Thursday, February 5, 2009

Global Warming: How Much Do We Really Know?

The following article comes from "The Professional Geologist", Vol. 44, No. 6, Nov/Dec 2007, pp 12-13, a bi-monthly publication of The American Institute of Professional Geologists. The article is the opinion of two Certified Professional Geologists (CPG), and I think it represents the thinking of the majority of the world's geologists, who are, after all Earth Scientists. Their observations are at odds with the current, claimed (and untrue) notion that the science supporting the concept of man-caused global warming is settled, and the "debate is over".

It is most unfortunate that more geologists don't speak out on the subject, because as the authors point out, geologists are in a uniquely qualified position to refute the cause and effect claims and the shrill cries of catastrophe coming from the global warming alarmists.

Causes of Global Warming,
Are We Certain?

Robert G. Corbett, CPG-04502 and Gary T. Dannemiller, CPG-05118

This paper is not a definitive scientific
treatise nor does it contain new data.
Rather it is a review of current thought
on the topic, and casts doubt on the
importance of CO2 generation in global
warming. Central to this discussion is
questioning the validity of the notion
that burning of fossil fuel significantly
increases global warming.

Before we get started, we need to
review some elements of argumentation.
In any argument, the several sentences
presented may be either premise or
conclusion. A significant error in an
argument is termed a fallacy. There are
patterns in arguments. For example, if
one set of measurements correlates to
another set (either both increasing or
both decreasing) we say there is a positive
correlation. If one variable increases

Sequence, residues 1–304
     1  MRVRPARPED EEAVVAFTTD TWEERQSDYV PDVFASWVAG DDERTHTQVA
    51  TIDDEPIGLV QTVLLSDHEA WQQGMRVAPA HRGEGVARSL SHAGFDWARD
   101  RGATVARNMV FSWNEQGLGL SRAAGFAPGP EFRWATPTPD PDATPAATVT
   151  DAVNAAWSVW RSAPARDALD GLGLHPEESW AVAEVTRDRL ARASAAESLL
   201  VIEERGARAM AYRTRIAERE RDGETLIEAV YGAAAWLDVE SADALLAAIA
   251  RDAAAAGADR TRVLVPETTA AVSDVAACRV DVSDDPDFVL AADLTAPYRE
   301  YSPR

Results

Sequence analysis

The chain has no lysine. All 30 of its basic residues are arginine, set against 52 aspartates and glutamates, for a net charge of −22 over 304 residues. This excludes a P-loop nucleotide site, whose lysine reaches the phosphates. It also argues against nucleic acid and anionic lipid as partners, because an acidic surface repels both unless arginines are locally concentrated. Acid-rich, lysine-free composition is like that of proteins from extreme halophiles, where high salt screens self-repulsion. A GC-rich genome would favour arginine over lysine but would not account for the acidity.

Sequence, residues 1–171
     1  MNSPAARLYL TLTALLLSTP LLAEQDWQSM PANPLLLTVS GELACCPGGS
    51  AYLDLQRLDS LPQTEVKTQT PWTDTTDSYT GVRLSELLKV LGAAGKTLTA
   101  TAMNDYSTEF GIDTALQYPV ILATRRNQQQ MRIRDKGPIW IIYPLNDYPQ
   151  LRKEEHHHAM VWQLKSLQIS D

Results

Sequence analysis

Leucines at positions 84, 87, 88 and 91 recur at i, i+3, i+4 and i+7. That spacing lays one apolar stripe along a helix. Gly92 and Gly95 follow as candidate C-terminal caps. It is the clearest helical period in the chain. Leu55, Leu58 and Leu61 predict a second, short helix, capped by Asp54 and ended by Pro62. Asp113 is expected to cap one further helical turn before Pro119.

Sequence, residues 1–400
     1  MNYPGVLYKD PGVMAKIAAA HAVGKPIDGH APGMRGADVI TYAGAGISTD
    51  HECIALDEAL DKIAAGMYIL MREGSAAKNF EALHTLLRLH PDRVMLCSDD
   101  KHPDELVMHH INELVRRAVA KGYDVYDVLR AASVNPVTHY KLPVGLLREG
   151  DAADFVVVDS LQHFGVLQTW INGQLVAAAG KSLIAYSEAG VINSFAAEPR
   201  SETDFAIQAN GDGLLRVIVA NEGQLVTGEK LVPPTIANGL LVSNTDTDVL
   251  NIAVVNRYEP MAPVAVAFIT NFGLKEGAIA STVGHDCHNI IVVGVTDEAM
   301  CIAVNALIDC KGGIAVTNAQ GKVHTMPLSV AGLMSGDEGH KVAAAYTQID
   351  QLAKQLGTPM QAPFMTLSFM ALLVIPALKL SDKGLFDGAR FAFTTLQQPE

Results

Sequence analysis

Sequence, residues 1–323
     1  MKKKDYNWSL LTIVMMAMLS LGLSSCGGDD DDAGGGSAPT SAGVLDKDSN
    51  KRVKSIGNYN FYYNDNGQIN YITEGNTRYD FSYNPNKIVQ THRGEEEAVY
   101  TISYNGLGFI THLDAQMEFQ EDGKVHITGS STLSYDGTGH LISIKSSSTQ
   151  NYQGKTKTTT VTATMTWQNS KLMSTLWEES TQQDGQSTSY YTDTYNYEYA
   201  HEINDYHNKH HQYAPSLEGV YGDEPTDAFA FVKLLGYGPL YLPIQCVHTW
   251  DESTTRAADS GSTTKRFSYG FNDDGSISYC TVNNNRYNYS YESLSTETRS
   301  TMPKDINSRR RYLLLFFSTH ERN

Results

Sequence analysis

and the other decreases there is a negative
correlation. Mere correlation is not
enough to establish causation, unless
there are no other variables that can reasonably
explain the situation
2002). We shall use this shortly.

As geologists, we are in a better
position than others to recognize that
the geologic record contains evidence
of past cyclical climate changes.
has warmed since the last interglacial
began about 19,000 years B.P., and
sea level has risen for the past 15,000
years (Gornitz, 2007) although in fits
and starts. We recognize that both the
science behind climate change and the
role of greenhouse gases are poorly
understood. In fact, many close to the
situation claim any relation between
global warming and CO2 is a prediction
approach and not a cause and effect
claim. To most persons, it has become a
cause and effect explanation.
If one goes back in time, CO2 is seen as only one
potential driver of global warming.
According to Utility and Income, an
investment advisory, “… virtually all
globally respected scientific organizations
have accepted the premise that CO2
regulation is needed.” On the other hand,
the Minority Page of the U.S. Senate
Committee on Environment and Public
Works of May 15, 2007 reports that some
“prominent scientists reverse belief in
man-made global warming….”

Nature of the Argument
Here is the widely promoted argument:
humankind is burning ever increasing
amounts of carbon-based fuels, and this
burning releases carbon dioxide. This
causes an increase in CO2 content in the
atmosphere. As CO2 slowly increases in
our atmosphere, it (being one of several
greenhouse gases) traps heat, preventing
some heat from re-radiating to space.
Conclusion: burning more fossil fuels
causes the Earth to become warmer.

Flaws in the Argument
This involves classic false cause and
effect argument. Why? No good reason
is presented that other causes for global
warming are not possible or likely.
we need to do is identify one plausible
alternate cause and we may invoke the
false cause and effect objection. This
does not prove or disprove one theory,
but it does invalidate the fast conclusion.

There are other theories to explain the
variations now and over the past years:
plate tectonics and its influence on patterns
of oceanic circulation, green house
gases other than CO2 (water vapor,
methane, tropospheric ozone, nitrous
oxide, CFCs, CO), the Milankovitch
Cycle (Cycles Research Institute), solar
radiation variations, cosmic ray flux,
and Earth position to the Sun.
and Avery (2007) present evidence from
others for a 1500 year-cycle for warming
and cooling of the atmosphere that
is independent of greenhouse gases. J.
Jousel and others (2007) extend the data
and interpretation for the Antarctica
Dome C ice core.

Solar Cycles, A Likely
In their book Unstoppable Global
Warming, Singer and Avery (2007) refer
to Earth’s climate timeline, present
failures of the Greenhouse theory, and
cite the many world- and culture-wide
evidences that relate to climate, including
ice cores, tree rings, pollen, coral,